The Conquerors

Alexander Posey - 1873-1908

The Caesars and the Alexanders were
But men gone mad, who ran about a while
Upsetting kingdoms, and were slain in turn
Like rabid dogs, or died in misery.
Assassins laid in wait for Caesar; wine,
Amid the boasts of victory, cut short
The glory of the Macedonian;
Deception cooled the fever Pompey had;
Death was dealt to Phyrrus by a woman’s
Hand; Themistocles and Hannibal drank
Deep of poison in their desolation.

More by Alexander Posey

On Viewing the Skull and Bones of a Wolf

How savage, fierce and grim!
     His bones are bleached and white. 
But what is death to him? 
     He grins as if to bite. 
He mocks the fate 
     That bade, ''Begone.'' 
There's fierceness stamped 
     In ev'ry bone. 

Let silence settle from the midnight sky— 
Such silence as you've broken with your cry;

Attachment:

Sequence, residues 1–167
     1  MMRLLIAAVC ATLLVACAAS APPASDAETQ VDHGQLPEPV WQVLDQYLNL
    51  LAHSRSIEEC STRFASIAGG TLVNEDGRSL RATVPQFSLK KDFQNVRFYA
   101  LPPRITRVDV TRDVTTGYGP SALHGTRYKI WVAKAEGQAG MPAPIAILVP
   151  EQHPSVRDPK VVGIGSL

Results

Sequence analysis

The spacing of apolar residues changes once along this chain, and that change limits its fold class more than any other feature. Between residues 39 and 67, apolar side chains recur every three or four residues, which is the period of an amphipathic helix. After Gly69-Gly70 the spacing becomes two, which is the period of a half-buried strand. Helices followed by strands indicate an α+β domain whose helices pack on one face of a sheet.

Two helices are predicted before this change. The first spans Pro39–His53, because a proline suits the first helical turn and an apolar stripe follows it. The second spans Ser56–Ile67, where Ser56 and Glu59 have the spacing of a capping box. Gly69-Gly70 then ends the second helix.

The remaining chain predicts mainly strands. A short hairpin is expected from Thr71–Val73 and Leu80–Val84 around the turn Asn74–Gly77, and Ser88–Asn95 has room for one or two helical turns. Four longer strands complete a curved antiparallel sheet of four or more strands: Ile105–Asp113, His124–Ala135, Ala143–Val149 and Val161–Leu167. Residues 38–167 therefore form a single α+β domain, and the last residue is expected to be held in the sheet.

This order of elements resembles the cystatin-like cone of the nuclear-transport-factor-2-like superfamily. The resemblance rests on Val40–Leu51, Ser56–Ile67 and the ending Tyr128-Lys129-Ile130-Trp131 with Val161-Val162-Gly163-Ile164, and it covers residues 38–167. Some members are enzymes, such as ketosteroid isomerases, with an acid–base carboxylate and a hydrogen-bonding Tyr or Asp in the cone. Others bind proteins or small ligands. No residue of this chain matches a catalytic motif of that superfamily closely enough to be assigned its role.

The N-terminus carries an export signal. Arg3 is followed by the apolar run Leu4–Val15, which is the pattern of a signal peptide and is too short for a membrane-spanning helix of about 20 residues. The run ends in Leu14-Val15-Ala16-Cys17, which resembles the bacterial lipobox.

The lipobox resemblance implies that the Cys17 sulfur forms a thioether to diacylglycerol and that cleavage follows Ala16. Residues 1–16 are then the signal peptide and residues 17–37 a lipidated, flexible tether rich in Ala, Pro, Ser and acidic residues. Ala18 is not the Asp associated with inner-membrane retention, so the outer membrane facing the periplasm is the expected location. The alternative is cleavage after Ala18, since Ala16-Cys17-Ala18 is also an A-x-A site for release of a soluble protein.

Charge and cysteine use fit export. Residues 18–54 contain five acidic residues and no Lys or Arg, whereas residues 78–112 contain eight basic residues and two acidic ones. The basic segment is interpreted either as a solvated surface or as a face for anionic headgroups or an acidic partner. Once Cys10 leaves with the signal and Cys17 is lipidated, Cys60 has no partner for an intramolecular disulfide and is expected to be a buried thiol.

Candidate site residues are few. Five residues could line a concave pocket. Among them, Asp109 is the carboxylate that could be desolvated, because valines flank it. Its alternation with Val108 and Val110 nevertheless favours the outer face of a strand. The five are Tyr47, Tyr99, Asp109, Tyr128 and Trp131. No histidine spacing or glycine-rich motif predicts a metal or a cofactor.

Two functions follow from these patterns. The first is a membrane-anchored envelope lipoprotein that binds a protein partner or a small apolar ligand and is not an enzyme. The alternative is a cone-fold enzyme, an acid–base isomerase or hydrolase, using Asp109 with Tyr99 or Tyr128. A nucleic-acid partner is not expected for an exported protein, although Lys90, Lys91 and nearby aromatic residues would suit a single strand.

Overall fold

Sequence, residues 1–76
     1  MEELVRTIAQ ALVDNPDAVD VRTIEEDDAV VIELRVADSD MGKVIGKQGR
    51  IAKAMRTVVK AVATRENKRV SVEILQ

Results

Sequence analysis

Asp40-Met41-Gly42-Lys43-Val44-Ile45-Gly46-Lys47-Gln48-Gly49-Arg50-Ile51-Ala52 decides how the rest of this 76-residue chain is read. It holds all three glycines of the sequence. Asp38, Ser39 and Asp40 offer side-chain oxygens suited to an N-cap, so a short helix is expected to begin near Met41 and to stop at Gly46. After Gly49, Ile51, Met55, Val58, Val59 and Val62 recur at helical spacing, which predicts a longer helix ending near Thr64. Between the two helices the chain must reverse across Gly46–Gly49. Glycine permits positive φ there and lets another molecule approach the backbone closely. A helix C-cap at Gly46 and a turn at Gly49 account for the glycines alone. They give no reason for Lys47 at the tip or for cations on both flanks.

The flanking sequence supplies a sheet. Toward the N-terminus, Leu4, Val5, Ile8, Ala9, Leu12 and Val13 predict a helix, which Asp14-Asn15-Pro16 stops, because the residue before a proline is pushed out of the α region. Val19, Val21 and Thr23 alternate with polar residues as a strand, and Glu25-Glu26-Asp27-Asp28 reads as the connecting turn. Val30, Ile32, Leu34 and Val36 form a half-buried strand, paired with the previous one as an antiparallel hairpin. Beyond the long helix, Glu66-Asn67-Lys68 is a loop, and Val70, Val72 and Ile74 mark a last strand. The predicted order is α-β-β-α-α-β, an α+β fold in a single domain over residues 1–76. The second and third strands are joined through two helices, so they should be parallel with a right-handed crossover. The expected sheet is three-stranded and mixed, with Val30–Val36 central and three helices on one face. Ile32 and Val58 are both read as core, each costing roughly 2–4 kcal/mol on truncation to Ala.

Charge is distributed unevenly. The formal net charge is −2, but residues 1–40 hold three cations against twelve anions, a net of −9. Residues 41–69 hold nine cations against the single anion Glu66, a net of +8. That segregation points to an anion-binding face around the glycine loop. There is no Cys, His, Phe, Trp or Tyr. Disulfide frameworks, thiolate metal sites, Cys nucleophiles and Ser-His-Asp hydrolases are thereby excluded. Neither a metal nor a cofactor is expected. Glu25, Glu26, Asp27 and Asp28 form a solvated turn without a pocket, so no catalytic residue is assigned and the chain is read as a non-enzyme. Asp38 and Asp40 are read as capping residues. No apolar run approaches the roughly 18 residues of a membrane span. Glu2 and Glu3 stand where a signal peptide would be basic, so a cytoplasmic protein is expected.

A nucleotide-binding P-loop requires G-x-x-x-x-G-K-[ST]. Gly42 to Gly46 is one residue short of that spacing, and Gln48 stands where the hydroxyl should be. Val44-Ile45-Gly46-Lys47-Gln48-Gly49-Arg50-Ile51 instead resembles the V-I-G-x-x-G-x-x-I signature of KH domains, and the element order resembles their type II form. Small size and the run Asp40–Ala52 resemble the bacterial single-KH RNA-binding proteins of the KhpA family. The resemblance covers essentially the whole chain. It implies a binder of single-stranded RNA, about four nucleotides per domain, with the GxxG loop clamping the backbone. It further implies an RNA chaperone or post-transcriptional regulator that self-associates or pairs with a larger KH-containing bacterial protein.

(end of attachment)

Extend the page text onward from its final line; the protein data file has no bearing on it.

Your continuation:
The bleak wind howl, unto the ut'most verge 
Of this mighty waste, thy fitting dirge. 

My Fancy

Why do trees along the river
     Lean so far out o’er the tide?
Very wise men tell me why, but
    I am never satisfied;
And so I keep my fancy still,
    That trees lean out to save
The drowning from the clutches of
    The cold, remorseless wave.

Assured

Be it dark; be it bright;
    Be it pain; be it rest;
Be it wrong; be it right—
    It must be for the best.

Some good must somewhere wait,
    And sometime joy and pain
Must cease to alternate,
    Or else we live in vain.